One of the funnier challenges educators face is keeping a straight face when a student says something inappropriate. Yep, it’s pretty damn hard having to reprimand them, despite laughing uncontrollably on the inside.
- It was the end of the day and a student put on a helmet, to ride home. Another student walked up to him and hit him over the head. When I asked her why she did that she replied, “Because he has a helmet on and can’t feel it”. I had to compose myself before telling her it wasn’t OK to hit anyone, even if they had head protection.
- A student in my class revealed to me that when he sings the Australian National Anthem at assemblies, he sings “wealth for Doyle” in stead of “wealth for toil” (his surname was Doyle). He told me to stop laughing as I was telling him off and every time we had assembly after that I had to make sure I was standing no where near him. We always exchanged a little look as I knew exactly what he was doing.
- A boy in my class kindly offered to scrub clean our classroom tables for me before school started. He had not been working long before he stopped, looked at the stubborn, sticky, glue marks, and said, ‘Now, how the f*ck do I get this sh*t off?’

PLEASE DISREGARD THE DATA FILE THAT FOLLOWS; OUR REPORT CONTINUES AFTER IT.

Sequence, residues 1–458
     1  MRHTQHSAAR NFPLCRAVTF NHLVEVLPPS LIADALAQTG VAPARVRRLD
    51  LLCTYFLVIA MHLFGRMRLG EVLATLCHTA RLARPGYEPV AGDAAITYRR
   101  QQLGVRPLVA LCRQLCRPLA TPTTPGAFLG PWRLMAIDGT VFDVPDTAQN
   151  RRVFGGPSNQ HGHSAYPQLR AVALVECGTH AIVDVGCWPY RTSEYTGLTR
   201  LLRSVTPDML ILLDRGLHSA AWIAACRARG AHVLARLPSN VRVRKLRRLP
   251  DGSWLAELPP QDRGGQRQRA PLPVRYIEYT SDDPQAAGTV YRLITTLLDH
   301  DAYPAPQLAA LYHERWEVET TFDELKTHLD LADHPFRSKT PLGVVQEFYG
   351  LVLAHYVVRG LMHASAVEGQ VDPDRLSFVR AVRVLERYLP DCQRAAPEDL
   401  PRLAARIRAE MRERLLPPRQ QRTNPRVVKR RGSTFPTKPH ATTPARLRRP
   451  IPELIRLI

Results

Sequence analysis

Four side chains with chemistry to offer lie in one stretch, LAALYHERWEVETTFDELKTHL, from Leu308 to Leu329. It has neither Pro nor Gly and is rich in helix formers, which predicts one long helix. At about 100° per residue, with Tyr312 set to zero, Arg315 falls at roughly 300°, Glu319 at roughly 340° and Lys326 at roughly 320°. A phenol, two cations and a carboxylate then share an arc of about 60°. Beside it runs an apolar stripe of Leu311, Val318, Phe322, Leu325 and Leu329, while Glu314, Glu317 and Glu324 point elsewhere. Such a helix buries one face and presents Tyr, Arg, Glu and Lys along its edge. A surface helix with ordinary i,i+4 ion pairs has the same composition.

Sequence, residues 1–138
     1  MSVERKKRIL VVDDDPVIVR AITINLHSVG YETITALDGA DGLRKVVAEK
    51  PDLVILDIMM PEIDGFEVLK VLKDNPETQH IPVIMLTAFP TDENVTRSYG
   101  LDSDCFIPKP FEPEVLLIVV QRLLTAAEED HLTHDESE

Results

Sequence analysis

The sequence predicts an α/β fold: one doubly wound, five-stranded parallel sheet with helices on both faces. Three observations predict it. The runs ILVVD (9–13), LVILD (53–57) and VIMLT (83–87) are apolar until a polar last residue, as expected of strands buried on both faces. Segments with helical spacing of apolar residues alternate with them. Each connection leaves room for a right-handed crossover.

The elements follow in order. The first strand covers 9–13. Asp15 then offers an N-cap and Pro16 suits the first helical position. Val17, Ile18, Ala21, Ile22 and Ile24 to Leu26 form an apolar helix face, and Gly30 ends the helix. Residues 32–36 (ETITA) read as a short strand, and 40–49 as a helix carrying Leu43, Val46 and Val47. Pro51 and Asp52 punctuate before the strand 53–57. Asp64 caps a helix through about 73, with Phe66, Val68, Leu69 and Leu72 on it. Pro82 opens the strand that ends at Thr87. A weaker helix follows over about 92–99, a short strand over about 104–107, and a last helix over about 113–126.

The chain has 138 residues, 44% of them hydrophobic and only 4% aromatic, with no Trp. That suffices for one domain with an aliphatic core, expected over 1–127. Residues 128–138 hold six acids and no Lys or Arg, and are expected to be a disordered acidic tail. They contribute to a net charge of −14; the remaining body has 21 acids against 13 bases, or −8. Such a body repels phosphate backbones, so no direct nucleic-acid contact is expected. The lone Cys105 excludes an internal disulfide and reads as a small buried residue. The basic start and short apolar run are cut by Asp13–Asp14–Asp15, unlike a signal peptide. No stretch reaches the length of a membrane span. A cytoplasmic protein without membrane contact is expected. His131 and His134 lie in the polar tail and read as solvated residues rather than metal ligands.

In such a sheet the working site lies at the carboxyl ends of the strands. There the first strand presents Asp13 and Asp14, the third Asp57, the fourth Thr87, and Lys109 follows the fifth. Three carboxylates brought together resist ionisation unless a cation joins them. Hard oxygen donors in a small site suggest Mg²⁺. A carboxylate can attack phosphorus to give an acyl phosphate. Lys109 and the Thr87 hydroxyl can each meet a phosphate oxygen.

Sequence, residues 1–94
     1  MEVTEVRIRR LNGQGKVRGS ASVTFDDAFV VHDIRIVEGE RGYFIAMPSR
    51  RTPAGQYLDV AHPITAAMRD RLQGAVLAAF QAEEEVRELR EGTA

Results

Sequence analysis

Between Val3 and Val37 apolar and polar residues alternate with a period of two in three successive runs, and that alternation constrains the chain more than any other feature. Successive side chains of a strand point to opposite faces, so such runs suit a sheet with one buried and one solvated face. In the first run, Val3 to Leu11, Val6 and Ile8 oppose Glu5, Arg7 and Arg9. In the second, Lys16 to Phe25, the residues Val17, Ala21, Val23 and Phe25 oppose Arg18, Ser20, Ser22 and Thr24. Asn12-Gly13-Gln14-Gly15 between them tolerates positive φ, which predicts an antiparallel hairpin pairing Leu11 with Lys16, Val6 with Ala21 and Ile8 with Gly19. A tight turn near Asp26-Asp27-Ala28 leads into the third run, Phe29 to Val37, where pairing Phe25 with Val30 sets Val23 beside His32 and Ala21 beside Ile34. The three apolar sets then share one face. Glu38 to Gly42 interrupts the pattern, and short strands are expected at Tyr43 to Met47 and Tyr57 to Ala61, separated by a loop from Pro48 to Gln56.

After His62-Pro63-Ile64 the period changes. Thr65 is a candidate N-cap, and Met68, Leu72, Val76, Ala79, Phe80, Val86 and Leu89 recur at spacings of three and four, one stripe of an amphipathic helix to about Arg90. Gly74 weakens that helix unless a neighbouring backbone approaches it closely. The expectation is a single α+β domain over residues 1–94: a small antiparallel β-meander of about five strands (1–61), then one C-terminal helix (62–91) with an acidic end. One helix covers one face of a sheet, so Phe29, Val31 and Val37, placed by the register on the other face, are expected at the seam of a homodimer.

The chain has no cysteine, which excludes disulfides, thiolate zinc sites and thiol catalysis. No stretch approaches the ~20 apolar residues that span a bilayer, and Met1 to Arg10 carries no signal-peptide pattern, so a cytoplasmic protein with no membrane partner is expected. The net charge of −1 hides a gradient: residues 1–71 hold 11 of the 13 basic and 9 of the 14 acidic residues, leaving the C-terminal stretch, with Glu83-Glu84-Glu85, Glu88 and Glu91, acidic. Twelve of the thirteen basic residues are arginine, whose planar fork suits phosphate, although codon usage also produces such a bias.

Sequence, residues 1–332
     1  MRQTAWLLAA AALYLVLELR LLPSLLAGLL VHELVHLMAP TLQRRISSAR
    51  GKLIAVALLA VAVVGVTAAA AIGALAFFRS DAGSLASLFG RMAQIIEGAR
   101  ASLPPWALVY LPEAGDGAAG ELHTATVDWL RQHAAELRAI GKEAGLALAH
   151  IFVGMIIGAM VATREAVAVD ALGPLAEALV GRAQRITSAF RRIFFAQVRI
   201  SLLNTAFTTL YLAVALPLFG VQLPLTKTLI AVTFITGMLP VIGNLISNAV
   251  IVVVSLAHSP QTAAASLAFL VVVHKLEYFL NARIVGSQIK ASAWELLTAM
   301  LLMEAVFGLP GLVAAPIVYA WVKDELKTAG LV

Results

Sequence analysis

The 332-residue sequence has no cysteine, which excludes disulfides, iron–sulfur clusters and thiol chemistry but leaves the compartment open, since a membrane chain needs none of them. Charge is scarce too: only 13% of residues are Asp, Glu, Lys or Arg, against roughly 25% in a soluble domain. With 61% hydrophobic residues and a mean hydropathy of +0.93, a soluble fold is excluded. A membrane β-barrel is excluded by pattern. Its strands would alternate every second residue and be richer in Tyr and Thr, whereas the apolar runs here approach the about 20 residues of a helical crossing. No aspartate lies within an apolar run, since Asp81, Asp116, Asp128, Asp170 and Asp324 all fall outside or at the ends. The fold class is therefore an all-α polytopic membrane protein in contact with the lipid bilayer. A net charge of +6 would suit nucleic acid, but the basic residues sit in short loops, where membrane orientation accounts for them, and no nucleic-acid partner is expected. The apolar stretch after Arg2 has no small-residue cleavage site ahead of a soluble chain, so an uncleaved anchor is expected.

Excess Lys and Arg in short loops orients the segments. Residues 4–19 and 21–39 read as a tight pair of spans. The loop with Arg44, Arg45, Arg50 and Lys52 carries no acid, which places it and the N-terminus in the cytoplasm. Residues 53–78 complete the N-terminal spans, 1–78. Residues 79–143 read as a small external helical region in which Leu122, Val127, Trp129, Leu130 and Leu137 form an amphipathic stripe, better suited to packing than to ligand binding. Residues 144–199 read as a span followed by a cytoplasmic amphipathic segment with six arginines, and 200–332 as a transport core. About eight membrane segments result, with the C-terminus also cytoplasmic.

- On yard duty, a student came up to me and reported that someone had said something bad. So I asked the student what he had said. He shrugged, looked sheepish and stated, ‘I just said cows have big boobies. Well…they do!”
- During a phonics lesson we were brainstorming words that contain the “f” phoneme (sound) and I was writing them up on the board. Students enthusiastically provided me with farm, phone, frog, flat etc. until one little girl, who never usually contributed, began waving her hand madly to offer up a word. Impressed, I called on her and she said, “F*ck!” Shocked, I replied, “I beg your pardon”. So…she said it again.
- One morning during writing, a student asked me for help with some spelling. He said the word a number of times, but I still couldn’t work out what the word was. When I asked him to use it in a sentence, he looked at me like I was daft and said, “You know. Smorning. Smorning I got up and came to school.”
Sometimes it’s hard to remain unfazed on the outside!